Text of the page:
To his credit Captain Terrill did not panic. He sent back all guns with the exception of two Napoleons.  To help every one get back safely he used a tactic called "Retreat by Prolong".  He actually tied the guns to the caisson by a large rope.  The horses pulled the caisson and cannon back toward the Union lines at a walk. As they went Captain Terrill serviced one weapon by himself. A sergeant and a couple of other men fired the other.  Using double canister these two guns effectively acted as their own skirmish line.

Shortly after their safe arrival back at the Union lines more artillery began to arrive. The fighting became chaotic and bloody. The lines of the opposing forces became very fluid.  Gradually, the confederates were pushed back through the Mule Lot ravine. By this point the confederate retreat had begun. The battle was effectively over.

After the battle everyone began singing the praises of Captain Terrill and his men. The battery had served with distinction and was described in one report as "A Host Among Themselves"

Because of his actions Rufus Terrill received the appointment as a Brigadier General of Volunteers in the Union Army. This was a promotion he did not seek or necessarily wanted. He would have preferred to remain a Captain in the regular army and stay with his command. However, as Bjorn pointed out, when the President of the United States  appoints you a Brigadier General it is something you do not refuse. General Terrill's career came to an end when he was killed at the Battle of Perryville while trying to rally his brigade in the face of a confederate attack.

The Terrill family suffered heavily during the war..  Terrill's younger brother James was killed in action at Bethesda Church.  Another brother, Phillip was killed near Winchester VA.  Both of these brothers served with the Confederate Army.  Terrill's father and another brother also fought for the south and survived the war..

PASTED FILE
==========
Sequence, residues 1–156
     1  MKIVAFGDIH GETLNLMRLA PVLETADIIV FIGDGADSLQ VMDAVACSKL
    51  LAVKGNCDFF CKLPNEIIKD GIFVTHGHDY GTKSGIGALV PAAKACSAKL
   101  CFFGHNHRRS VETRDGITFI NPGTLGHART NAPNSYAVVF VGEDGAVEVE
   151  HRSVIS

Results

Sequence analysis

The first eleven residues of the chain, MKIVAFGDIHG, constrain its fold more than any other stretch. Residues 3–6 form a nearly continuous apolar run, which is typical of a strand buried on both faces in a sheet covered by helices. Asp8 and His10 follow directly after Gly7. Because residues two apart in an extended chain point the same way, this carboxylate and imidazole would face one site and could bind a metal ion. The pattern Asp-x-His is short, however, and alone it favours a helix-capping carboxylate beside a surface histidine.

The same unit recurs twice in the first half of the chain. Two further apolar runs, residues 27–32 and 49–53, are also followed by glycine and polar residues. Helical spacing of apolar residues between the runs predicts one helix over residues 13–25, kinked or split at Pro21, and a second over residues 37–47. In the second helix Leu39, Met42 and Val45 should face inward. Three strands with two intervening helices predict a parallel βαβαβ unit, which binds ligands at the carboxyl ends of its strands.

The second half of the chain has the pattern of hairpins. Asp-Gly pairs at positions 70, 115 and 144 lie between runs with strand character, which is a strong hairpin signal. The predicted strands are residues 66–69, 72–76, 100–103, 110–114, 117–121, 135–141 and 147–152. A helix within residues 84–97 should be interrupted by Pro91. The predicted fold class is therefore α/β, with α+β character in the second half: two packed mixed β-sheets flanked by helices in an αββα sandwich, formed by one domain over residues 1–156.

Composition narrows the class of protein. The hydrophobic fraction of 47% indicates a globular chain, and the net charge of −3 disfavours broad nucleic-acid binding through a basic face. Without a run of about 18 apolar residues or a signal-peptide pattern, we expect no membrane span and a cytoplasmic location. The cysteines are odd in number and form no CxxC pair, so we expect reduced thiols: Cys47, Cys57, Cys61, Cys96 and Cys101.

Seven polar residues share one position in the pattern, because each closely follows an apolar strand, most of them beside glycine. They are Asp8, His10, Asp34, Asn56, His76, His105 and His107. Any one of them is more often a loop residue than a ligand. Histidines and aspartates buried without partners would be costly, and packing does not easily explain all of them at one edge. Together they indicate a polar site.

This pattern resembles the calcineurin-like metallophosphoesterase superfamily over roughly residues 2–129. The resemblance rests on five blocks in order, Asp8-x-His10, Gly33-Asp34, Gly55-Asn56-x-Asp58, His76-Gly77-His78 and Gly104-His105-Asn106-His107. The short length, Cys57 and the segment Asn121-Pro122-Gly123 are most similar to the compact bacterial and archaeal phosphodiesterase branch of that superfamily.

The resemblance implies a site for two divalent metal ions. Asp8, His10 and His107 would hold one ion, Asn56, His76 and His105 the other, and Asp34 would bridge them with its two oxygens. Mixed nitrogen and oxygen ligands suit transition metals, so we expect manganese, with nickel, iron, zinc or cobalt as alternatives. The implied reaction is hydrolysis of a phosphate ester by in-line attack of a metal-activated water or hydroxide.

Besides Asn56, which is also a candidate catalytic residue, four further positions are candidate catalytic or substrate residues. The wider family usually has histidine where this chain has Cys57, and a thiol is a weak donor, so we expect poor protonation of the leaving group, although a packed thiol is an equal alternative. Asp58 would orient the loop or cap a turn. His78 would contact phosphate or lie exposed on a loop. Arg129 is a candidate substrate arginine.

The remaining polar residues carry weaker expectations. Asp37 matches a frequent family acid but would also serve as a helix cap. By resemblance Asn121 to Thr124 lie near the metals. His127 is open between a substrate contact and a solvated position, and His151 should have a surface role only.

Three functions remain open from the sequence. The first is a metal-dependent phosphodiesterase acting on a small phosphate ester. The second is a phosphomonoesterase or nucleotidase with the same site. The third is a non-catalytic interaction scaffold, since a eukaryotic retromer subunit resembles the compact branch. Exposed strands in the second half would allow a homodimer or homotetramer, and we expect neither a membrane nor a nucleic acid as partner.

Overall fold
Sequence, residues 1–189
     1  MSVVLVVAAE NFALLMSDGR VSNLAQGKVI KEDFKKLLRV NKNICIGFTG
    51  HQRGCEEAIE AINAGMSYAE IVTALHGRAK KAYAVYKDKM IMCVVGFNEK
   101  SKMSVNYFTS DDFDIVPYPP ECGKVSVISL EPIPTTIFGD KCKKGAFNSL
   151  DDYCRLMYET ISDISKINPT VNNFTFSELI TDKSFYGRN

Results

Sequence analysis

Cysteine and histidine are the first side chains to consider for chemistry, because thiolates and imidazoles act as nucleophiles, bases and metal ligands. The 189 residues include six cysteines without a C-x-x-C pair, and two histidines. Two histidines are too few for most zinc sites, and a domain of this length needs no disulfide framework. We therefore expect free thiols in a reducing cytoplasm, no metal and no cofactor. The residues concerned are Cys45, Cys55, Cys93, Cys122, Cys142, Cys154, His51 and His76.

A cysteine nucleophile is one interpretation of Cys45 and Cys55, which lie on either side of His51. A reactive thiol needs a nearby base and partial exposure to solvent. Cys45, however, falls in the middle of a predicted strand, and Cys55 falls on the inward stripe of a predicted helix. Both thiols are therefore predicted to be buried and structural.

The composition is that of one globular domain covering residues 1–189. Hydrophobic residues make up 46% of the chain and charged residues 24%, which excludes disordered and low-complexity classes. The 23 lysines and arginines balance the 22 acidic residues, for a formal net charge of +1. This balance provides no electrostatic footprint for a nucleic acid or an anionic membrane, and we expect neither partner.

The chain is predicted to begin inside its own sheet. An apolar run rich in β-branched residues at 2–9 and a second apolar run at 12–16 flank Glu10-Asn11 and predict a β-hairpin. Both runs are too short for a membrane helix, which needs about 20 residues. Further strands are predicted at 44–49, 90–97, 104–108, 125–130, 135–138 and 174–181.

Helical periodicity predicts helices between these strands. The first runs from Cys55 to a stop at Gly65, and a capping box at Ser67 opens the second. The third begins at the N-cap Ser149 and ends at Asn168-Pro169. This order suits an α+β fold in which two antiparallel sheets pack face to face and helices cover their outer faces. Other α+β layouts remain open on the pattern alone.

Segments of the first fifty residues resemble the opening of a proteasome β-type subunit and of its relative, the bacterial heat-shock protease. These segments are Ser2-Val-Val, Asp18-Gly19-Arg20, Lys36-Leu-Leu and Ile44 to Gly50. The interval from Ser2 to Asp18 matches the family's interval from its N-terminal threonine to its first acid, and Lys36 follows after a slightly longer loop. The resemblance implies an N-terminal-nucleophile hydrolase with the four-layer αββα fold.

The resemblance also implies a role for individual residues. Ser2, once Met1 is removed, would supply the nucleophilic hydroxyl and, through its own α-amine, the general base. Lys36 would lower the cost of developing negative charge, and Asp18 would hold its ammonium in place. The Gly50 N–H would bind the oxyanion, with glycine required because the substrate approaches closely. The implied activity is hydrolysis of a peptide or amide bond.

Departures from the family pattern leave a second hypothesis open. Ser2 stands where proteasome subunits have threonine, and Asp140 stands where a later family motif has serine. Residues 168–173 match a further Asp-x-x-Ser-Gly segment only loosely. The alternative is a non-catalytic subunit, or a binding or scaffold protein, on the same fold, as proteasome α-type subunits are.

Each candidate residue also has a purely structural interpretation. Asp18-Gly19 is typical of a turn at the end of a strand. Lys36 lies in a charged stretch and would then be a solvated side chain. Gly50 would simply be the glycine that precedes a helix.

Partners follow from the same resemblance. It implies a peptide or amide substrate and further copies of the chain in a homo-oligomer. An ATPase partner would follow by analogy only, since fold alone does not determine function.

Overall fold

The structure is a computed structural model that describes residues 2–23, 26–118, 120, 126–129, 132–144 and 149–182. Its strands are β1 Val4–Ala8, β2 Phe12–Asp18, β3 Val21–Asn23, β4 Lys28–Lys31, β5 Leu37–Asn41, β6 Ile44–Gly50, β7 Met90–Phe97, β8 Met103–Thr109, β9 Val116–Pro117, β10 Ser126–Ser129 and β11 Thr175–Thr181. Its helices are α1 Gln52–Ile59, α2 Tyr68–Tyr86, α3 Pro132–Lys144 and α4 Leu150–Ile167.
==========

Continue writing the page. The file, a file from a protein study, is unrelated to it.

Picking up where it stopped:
At this time we returned to the area near the 9th Illinois Monument.  One of the cannons near this point is an actual "witness tube'. In other words this tube actually fought at Shiloh at the very place where it is now displayed.

Respectively Submitted

Rebel

Share this post


Link to post
Share on other sites

Rebel: Great Hike Report: I agree it was hard to concentrate on listening to Bjorn because of the chill in the air. You captured what I remember very well! Sharon

Share this post


Link to post
Share on other sites

Great report, Dan. Bjorn has earned a well-deserved reputation for thoroughly researching his subjects, and conducting excellent hikes. The cold just makes everyone walk a little faster. :)

Captain Terrill certainly earned his promotion, even if he didn't want it that badly. A shame he did not survive for very long after Shiloh. So many good men killed in that war.

Perry

Share this post


Link to post
Share on other sites

Great report rebel you described it just like i remember one of my favorite hikes of the week.

perry neal

Share this post


Link to post
Share on other sites

Thank you Reb! 

This was an excellent report.  Looks a lot like my notes.